Granny would dream. And her dreams weren’t always nice dreams. So in the middle of the night, especially when she aged further, waking up with a start and looking into an uncovered mirror sometimes revealed images she didn’t want to see. Frightening apparitions, eerie faces, reminders of the “games” she used to play.
When everything was in its place, she would finally snuggle in beside me and the stories would start. I loved to press myself close to her because she smelled like Yardley English Lavender powder and coconut oil, and was soft and cuddly even though she was thin. Sometimes, if Granny felt particularly adventurous, we’d have a bedtime treat of a chocolate mint or two. On a school night, when I should have been asleep hours earlier, this was pure bliss.
The subject matter of each nightly story was mine for the choosing. “Gran, tell me about the soldiers. Were they scary?” I’d ask. Or “Why do you sing Japanese songs? You’re not Japanese.” Ever the inquisitive child with an unusual love of history, hearing my grandmother’s stories of living through World War II in Southeast Asia and surviving the Japanese occupation riveted me.
My grandmother went to medical school in the 1940s—one of only three females in the entire class and the only Indian woman. This was almost unheard of at the time and something I consider to be a testament to the person she was. Her stories of her studies and adventures in medical training and life during that time were so fascinating.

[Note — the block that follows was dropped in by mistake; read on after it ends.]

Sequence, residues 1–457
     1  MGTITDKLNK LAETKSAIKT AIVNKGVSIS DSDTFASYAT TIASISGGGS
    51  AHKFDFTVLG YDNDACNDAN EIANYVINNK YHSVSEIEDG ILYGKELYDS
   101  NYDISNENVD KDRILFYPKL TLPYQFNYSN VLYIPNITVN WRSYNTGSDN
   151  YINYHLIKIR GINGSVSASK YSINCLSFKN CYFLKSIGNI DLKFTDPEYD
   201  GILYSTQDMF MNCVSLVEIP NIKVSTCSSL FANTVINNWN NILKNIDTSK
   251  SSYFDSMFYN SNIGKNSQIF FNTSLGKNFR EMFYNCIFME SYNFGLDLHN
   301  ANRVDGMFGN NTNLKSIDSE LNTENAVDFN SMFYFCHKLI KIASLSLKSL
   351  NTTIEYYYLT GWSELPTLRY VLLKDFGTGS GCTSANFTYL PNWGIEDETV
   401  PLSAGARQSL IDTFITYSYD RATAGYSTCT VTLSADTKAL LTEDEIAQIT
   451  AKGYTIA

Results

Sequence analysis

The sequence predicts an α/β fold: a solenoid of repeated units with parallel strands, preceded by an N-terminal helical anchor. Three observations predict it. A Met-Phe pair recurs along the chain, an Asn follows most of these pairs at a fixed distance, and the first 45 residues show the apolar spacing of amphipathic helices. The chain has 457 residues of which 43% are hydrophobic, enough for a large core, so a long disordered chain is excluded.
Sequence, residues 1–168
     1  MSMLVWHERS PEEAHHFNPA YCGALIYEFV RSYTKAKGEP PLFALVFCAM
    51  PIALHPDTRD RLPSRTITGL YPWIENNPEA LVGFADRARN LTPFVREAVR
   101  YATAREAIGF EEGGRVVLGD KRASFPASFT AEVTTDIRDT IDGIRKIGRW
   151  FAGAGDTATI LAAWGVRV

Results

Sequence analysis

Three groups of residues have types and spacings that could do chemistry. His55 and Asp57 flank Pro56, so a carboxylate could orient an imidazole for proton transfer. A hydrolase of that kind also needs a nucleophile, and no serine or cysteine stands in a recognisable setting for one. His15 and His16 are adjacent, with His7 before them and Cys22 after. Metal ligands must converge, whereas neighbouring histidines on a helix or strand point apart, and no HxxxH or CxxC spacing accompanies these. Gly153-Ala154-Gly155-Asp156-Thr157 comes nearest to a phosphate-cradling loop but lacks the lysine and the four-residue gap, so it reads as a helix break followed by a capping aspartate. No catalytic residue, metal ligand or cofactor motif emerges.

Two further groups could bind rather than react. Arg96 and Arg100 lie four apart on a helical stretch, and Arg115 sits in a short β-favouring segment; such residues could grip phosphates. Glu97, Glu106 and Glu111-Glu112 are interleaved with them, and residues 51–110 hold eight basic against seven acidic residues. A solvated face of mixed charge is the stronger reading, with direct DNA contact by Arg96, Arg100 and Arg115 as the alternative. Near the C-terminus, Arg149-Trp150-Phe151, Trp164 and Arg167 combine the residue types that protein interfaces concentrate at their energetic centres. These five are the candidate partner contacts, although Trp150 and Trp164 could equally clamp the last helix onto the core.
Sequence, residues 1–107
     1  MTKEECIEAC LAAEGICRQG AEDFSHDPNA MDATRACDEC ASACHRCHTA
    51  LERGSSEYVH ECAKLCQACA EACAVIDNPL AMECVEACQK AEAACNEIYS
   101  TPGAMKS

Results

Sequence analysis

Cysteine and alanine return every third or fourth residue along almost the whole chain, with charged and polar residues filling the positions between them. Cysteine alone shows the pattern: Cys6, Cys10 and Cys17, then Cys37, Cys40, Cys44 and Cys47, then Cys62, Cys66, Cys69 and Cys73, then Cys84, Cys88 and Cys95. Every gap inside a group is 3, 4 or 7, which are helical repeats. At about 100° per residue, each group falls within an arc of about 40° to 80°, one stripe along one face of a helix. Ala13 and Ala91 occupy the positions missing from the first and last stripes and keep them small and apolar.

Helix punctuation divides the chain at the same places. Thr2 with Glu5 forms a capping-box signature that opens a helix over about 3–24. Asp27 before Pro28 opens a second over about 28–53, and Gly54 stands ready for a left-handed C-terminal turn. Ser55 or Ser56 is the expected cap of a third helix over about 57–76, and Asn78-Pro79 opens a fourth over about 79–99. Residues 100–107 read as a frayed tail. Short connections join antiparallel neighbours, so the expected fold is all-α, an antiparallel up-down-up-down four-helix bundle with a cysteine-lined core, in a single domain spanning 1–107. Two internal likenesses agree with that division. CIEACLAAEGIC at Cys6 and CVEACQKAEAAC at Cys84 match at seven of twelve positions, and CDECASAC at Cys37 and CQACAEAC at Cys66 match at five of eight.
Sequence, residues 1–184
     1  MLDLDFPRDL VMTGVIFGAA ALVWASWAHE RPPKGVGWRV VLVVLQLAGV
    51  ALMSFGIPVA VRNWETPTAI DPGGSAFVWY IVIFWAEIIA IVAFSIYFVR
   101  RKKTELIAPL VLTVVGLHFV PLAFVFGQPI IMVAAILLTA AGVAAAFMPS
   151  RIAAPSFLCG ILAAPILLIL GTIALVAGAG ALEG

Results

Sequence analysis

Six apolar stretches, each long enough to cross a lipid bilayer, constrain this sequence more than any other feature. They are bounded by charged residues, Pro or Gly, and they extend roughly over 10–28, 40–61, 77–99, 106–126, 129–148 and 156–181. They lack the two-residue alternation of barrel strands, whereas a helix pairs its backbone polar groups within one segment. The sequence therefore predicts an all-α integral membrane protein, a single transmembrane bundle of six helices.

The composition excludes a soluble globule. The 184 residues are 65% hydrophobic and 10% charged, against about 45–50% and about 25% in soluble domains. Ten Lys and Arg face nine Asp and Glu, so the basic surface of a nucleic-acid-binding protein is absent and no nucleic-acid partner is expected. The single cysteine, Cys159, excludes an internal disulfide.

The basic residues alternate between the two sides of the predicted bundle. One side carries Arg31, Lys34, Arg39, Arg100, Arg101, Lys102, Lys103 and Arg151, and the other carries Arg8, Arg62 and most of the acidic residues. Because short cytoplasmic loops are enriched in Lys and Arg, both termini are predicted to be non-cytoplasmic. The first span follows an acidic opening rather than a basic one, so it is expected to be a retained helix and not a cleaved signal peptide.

But when the Japanese invaded Singapore and the British surrendered to the Empire of the Rising Sun—something thought impossible—Granny’s medical school closed indefinitely and all students were sent home.
Her devoutly Lutheran family—a father, mother, five daughters, and two sons—moved around frequently during the occupation to safely distance themselves from a Japanese military force well known for barbaric cruelty.
In one location the family grew their own food to survive, relying heavily on yams, sweet potatoes, and tapioca as a substitute for rationed rice. Granny, five feet two at her tallest, shrank to 80-85 pounds from a restricted diet and her daily chore of hauling buckets of water from a well, up 200 hand-carved steps over the hill to their house. Yet she stayed healthy.
Granny’s family members were musical people, and for a time during the war, they had a piano. “We enjoyed singing old folk songs,” she said. One afternoon they heard a knock at the door. “We opened it, and there were three Australian soldiers around the ages of 20-25—weary, worn-out, and tired.” Knowing that in war a group of uninvited soldiers at your door is rarely a good thing, Granny and her sisters prepared to hide.